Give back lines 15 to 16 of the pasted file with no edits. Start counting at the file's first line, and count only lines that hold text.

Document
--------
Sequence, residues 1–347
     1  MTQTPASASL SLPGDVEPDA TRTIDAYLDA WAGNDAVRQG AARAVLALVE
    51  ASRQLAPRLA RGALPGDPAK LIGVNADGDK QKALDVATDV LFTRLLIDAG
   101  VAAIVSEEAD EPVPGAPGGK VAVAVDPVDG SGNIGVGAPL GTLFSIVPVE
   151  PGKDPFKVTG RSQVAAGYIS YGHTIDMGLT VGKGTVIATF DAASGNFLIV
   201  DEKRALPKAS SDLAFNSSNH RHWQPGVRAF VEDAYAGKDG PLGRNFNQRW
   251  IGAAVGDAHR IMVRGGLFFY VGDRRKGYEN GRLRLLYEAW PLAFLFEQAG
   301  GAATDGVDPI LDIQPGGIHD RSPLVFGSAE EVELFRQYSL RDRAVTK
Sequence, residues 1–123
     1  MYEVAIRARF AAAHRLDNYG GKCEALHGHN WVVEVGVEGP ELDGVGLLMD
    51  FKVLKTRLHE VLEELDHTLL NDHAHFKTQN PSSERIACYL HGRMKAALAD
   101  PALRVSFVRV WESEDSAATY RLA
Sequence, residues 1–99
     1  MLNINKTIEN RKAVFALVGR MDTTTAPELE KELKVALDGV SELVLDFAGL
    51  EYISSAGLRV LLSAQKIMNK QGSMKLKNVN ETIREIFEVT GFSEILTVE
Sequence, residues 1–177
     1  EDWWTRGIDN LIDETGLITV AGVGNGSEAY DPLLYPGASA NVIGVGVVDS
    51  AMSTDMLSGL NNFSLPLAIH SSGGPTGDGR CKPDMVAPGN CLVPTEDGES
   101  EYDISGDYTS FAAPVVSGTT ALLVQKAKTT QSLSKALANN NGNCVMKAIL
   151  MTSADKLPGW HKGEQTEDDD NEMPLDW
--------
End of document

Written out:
    51  EYISSAGLRV LLSAQKIMNK QGSMKLKNVN ETIREIFEVT GFSEILTVE
Sequence, residues 1–177